The Most Unprofessional Job Interview I Ever Had
NEW YORK ( MainStreet) -- Job seekers should know that walking into an interview half an hour late or wearing shorts and sandals could ruin their chances of landing the position, but what happens when it's the interviewer who does this?
After publishing an article this week about the most unprofessional behavior job candidates have displayed during the course of an interview, we decided to flip the tables and ask readers for their stories of hiring managers and human resources professionals acting unprofessionally. The responses ranged from tardiness to odd personal ticks.
|It's not just applicants who occasionally act unprofessionally in a job interview.|
"I once had an interview for the position of secretary. This was back in the day of people taking shorthand, so stenography was required. The 'boss' doing the interview dictated a very detailed 'dear john' letter," Geralyn Mott wrote on our Facebook page . "I was offered the job but did not accept it."
Another reader, Stephanie Steiger, says she went in for an interview only to have the interviewer show up 20 minutes late. If that wasn't bad enough, the interviewer decided to put his feet up on his desk while they were talking.
And then there's Mery Khatchatrian, who had an interview with a bank branch manager who practically slept through their entire meeting. Then things got really weird.
"He sat there for 30 minutes with his glasses on and had his eyes shut the whole time as he asked me questions. Then he
In each of these situations, it's obvious the interviewer is behaving unprofessionally, but many candidates may be apprehensive about confronting the person for fear of sacrificing their chance of being offered a job. Pretending it didn't happen may end up being worse in the long run, though.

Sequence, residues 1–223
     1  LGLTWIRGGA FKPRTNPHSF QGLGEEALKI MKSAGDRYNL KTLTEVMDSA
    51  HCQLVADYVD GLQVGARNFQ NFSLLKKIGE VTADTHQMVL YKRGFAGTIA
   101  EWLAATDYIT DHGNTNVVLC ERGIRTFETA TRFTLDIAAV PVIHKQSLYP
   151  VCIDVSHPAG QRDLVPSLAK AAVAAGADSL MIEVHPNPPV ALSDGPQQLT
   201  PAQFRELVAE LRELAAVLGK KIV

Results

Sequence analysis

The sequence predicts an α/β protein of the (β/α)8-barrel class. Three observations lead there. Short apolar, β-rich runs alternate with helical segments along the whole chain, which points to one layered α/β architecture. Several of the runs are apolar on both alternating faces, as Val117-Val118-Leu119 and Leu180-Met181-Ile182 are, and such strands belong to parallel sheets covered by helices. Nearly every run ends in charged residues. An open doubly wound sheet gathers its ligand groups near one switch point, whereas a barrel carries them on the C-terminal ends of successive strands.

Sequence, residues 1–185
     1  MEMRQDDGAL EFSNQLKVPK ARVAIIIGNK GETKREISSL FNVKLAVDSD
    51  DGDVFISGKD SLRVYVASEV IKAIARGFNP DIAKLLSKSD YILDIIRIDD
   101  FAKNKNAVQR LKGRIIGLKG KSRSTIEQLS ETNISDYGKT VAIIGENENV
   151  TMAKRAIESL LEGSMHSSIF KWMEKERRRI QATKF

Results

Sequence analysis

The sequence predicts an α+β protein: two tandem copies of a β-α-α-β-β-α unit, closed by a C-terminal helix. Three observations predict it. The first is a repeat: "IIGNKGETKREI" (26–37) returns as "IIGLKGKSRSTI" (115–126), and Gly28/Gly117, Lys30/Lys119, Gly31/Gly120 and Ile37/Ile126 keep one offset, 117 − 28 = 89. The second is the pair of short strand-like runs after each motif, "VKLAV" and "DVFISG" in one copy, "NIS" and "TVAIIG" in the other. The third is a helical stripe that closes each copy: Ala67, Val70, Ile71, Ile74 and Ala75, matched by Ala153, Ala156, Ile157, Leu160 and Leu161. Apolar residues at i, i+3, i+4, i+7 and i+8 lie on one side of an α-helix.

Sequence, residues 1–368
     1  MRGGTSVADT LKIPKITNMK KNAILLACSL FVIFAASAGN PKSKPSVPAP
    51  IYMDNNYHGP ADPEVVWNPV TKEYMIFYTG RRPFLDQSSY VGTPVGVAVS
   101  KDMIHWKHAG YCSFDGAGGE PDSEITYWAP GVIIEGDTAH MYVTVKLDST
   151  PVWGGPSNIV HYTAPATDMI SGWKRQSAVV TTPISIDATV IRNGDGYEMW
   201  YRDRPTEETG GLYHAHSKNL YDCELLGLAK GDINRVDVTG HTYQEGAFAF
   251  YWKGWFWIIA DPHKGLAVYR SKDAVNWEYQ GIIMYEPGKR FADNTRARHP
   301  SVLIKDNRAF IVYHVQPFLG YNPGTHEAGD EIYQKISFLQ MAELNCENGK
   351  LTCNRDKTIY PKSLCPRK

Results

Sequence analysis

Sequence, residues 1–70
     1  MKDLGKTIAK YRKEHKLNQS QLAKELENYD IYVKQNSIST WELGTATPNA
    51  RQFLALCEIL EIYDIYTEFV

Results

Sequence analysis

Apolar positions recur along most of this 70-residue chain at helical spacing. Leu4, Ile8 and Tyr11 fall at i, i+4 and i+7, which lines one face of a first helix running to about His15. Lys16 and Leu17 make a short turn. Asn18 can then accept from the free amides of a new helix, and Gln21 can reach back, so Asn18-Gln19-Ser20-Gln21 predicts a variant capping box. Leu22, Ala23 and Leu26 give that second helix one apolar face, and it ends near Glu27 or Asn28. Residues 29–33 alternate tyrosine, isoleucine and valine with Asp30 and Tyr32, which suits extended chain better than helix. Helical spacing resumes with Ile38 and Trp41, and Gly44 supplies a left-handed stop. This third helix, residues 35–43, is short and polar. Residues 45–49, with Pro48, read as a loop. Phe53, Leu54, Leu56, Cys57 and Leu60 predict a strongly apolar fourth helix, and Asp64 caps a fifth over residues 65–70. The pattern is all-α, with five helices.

"It's important for job seekers to remember that the interview is a two-way street. Ignoring the red flags can lead to something bad later," says Miriam Salpeter, founder of Keppie Careers , a career coaching firm. Indeed, as we have reported , the interview is usually your clearest window into the company culture, so if you feel uncomfortable with the interviewer's behavior, there's a good chance that company isn't right for you.
For that reason, Salpeter says candidates should feel comfortable addressing the interviewer's behavior, though not in every situation. If the interviewer appears to be falling asleep, she says it could be a good opportunity to raise the issue of whether employees at the company feel overworked. On the other hand, if the interviewer is just running late, it's probably best just to let it slide and hope they apologize.